Table summarizes the current application of NGS in cardiovascular disorders. NGS technology promises to improve our understanding of the genetic architecture and the missing heritability of CVDs.
Next generation sequencing approaches in cardiovascular diseases
In the near future, NGS will revolutionize the genetic study of cardiovascular disease allowing unprecedented opportunities to detect mutations in disease-genes with high accuracy in a fast and cost-efficient manner in daily clinical practice.
In particular, the targeted re-sequencing of the region of interest selected by GWAS, using NGS technologies, will allow identification of rare SNPs involved in the risk of CVD.
To date, data on the reproducibility of NGS results in the cardiovascular setting are limited by too few available studies. In addition, results in other more explored fields such as cancer showed that two independent groups can simultaneously arrive at different sets of gene alterations, without overlap between the two sets of mutations identified[54
]. This finding suggests that the reproducibility of data could be one major limitation of these advanced techniques. Furthermore, as previously cited, Dames et al[25
] demonstrated that different variants were found using two different NGS tools of which only a few were successively confirmed by the conventional Sanger approach of sequencing. Thus, new efforts are needed to improve sequencing accuracy and streamline technical processes as the next steps toward transitioning NGS into the clinical laboratory.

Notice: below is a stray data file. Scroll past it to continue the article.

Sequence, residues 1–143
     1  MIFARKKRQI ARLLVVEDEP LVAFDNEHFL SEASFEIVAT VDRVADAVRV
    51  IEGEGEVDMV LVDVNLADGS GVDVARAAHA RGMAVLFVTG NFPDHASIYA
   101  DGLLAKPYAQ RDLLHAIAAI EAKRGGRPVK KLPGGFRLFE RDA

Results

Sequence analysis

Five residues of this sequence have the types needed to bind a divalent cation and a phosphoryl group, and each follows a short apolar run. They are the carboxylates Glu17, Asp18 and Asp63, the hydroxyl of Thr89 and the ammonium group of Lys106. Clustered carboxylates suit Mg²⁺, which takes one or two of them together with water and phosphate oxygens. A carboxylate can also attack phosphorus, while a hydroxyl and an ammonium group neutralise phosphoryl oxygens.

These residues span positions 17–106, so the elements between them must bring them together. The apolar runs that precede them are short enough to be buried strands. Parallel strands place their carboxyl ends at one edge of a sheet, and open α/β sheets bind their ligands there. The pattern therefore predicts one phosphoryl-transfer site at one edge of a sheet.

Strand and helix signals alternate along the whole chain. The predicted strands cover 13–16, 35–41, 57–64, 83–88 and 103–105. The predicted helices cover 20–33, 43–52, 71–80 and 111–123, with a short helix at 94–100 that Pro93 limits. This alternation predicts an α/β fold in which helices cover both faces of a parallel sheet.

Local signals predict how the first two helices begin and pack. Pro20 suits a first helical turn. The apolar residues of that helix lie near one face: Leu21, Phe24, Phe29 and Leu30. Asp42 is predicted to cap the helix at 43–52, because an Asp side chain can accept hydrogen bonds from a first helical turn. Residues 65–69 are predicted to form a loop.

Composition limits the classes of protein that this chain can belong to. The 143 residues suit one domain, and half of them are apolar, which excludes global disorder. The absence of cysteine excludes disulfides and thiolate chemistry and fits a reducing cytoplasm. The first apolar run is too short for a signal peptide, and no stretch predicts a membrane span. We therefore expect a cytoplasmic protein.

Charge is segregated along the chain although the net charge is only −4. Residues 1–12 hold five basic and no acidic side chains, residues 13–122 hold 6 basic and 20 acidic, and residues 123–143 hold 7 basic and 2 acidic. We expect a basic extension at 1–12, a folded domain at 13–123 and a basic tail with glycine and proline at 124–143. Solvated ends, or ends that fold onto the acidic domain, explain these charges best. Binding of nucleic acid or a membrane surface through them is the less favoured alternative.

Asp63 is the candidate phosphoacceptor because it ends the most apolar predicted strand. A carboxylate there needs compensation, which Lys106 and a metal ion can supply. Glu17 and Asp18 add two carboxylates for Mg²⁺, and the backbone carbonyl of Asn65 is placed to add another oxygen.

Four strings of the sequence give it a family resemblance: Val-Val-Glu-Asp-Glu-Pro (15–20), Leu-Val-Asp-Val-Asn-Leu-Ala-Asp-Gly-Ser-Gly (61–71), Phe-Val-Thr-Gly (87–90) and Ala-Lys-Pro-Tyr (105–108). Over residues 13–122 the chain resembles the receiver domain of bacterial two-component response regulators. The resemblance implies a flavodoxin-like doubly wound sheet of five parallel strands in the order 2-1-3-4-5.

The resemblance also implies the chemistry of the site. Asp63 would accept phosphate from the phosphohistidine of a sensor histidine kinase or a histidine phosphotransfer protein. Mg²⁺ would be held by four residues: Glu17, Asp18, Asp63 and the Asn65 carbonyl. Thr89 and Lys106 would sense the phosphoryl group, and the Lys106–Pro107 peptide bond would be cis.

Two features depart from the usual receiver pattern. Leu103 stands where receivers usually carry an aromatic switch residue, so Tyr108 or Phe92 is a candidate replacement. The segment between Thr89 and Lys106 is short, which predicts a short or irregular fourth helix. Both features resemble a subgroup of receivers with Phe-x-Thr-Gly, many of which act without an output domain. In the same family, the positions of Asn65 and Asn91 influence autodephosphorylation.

The major challenge in NGS is that although it produces an enormous volume of data cheaply, in most cases, the millions of reads generated do not cover the coding regions of disease genes[56
]. Indeed, NGS provides only 50-500 continuous base-pair reads[4
], making it difficult for both the assembly and the data analysis. Therefore, new methods should be developed to selectively capture DNA from the region of interest in order to sequence only targeted regions.
In addition to short DNA sequence reads, these technologies can generate terabyte-sized data files for each instrument run, greatly increasing the computer resource requirements. Given the vast amount of data produced by NGS, the creation of informatics tools for the storage and analysis of data will be essential to the successful application of NGS[4
In the future, with the advent of NGS and the progressive increase in data sequences of the human genome from projects such as HapMap and the 1000 Genomes Project, investigators will have to choose between the multiple strategies to test a reference panel of polymorphic sites.
Moreover, parallel genome-wide studies are characterizing a large number of genes affecting the risk factors for CAD including dyslipidemia, hypertension, diabetes mellitus, and obesity. These findings are to be integrated with loci directly associated with CAD to obtain the fullest picture. Thus, in the next few years, the main focus of these studies will be to define a risk prediction as well as a preventive and individual therapy for CAD.
In the last few years, a technological revolution has taken place in the field of epigenomics.
The development of NGS devices are now providing researchers with tools to draw high-resolution maps of DNA methylation and histone modifications in normal tissues and diseases[57
]. NGS technologies may be used to profile epigenetic alterations that influence gene expression and to study the genome-wide epigenetic changes that occur in the genome in cardiovascular disease.